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Bookies recover poise as UK government's worst case cut in FOBTs maximum stake was expected

The decision follows complaints that the fixed odds betting terminals (FOBT) were highly addictive and had led to gamblers building up very heavy losses in a matter of minutes, leading them to be called the “crack cocaine of gambling”
The terminals are a major source of income for high-street bookmakers which had argued that a cut to the lowest possible option would threaten thousands of jobs

Bookmakers rallied from initial falls on Thursday afternoon, having fallen back in morning trading after the betting industry's worst-case scenario unfolded when the UK government confirmed it will cut the maximum stake on fixed odds betting terminals (FOBT) to £2 from the current £100 in a bid to curb problem gambling. 

The government's decision followed an investigation into complaints that the FOBT machines were highly addictive and had led to gamblers building up very heavy losses in a matter of minutes, leading them to be called the “crack cocaine of gambling”.

READ: Big revenue drops predicted by big three bookmakers from imposition of worst case scenario stake limit

The FOBT touch-screen machines allow players to bet on the outcome of various games such as roulette.

The terminals are a major source of income for high-street bookmakers which had argued that a cut to the lowest possible option would threaten thousands of jobs.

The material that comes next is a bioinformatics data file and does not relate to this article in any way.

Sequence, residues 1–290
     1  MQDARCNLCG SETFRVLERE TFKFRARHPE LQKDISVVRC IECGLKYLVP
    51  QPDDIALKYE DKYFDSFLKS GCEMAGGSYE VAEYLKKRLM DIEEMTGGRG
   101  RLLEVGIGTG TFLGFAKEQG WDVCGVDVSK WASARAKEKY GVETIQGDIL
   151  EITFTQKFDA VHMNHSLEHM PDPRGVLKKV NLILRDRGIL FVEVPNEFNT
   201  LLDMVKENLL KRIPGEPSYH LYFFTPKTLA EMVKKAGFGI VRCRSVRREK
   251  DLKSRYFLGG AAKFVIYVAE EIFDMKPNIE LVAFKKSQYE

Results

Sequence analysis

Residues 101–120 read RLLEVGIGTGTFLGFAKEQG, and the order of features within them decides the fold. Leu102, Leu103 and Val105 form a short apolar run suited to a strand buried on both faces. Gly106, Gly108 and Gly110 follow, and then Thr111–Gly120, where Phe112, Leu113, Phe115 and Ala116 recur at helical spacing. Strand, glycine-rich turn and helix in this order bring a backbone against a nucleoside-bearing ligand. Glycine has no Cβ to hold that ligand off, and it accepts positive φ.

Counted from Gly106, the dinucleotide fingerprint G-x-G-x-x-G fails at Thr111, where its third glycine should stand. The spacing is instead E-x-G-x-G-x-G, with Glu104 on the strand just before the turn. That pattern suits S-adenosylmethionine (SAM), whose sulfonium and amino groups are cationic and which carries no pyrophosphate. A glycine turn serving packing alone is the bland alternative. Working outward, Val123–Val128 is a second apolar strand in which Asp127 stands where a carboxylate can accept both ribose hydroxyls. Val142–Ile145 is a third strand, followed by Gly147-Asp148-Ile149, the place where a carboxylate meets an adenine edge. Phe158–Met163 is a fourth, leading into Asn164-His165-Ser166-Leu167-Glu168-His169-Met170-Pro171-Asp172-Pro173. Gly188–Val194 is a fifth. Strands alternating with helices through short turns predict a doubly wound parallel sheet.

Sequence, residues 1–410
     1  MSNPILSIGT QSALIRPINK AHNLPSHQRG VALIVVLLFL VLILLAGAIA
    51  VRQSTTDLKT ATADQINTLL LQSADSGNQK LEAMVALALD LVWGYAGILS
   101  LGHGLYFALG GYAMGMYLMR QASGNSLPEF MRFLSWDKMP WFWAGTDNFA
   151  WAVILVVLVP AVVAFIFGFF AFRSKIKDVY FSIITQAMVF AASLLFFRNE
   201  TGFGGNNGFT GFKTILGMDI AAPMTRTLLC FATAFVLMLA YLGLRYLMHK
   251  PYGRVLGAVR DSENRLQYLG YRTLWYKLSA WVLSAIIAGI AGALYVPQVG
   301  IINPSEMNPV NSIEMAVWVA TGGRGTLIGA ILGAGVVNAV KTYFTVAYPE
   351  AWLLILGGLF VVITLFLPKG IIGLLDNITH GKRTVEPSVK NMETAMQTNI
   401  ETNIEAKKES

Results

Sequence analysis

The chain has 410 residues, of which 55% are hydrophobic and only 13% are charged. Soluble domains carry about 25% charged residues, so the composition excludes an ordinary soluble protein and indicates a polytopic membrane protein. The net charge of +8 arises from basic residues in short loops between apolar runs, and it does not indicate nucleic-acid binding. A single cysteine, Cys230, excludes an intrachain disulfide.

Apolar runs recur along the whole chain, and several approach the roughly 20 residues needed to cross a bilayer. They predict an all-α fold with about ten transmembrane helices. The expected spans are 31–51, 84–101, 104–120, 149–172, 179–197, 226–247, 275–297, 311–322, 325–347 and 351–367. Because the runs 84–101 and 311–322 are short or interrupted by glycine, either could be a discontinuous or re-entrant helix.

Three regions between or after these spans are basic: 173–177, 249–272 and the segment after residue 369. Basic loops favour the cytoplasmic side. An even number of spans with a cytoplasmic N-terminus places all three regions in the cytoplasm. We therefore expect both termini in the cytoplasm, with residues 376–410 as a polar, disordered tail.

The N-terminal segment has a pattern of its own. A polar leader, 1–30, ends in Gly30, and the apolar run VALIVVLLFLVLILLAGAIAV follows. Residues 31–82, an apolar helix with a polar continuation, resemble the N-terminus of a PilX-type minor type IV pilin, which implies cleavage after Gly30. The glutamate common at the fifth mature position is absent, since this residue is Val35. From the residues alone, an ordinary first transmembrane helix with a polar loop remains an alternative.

Earlier this week, Roger Devlin, chairman of bookmaker William Hill PLC (LON:WMH) raised the spectre of the UK's bookies being taken over by foreign competition if the government takes a hard-line on FOBTs.

In a statement on the UK government website today, Matt Hancock, secretary of state for the Department for Digital, Culture, Media & Sport (DCMS) , commented: " When faced with the choice of halfway measures or doing everything we can to protect vulnerable people, we have chosen to take a stand.

"These machines are a social blight and prey on some of the most vulnerable in society, and we are determined to put a stop to it and build a fairer society for all.”

Ensure the right balance

The statement said the government had sought to ensure the “right balance between a sector that can grow and contribute to the economy and one that is socially responsible and doing all it should to protect consumers and communities.”

In March, the UK's Gambling Commission recommended new restrictions on fixed-odds betting terminals that were less stringent than feared, suggesting that the maximum stake should be cut from the current level of £100 to £30. But campaigners concerned about the social impact of FOBTs pressed for a reduction to a maximum stake size of £2.

Shares in the three biggest-listed bookmakers all dropped back in an initial knee-jerk reaction, but recovered in the afternoon as investors refocused on this week’s good news rather than the as-expected UK government decision.

The industry got a boost earlier this week after a US Supreme Court decision to sanction the lifting of the ban on sports betting in the country.

Shares soon bounce

Around 2.40pm, shares in FTSE 100-listed Paddy Power Betfair PLC (LON:PPB) rallied 1.9% higher to 8,405p, while FTSE 250-listed William Hill PLC (LON:WMH) added 3% at 326.9p, and GVC Holdings PLC - which recently completed the takeover of merger betting shops chain Ladbrokes Coral – gained 2.8% at 941p.

Neil Wilson, chief market analyst at commented: “What regulators on one side of the Atlantic give, those on this side of the pond taketh away.”

He added: “Ultimately this outcome was well fairly well appreciated although it still comes as something of a surprise given the government's own advisors recommended a £30 cap.

“At least there is clarity at long last and the prospect of US growth should act as a tailwind."

-- Updates share prices, adds analyst comment --

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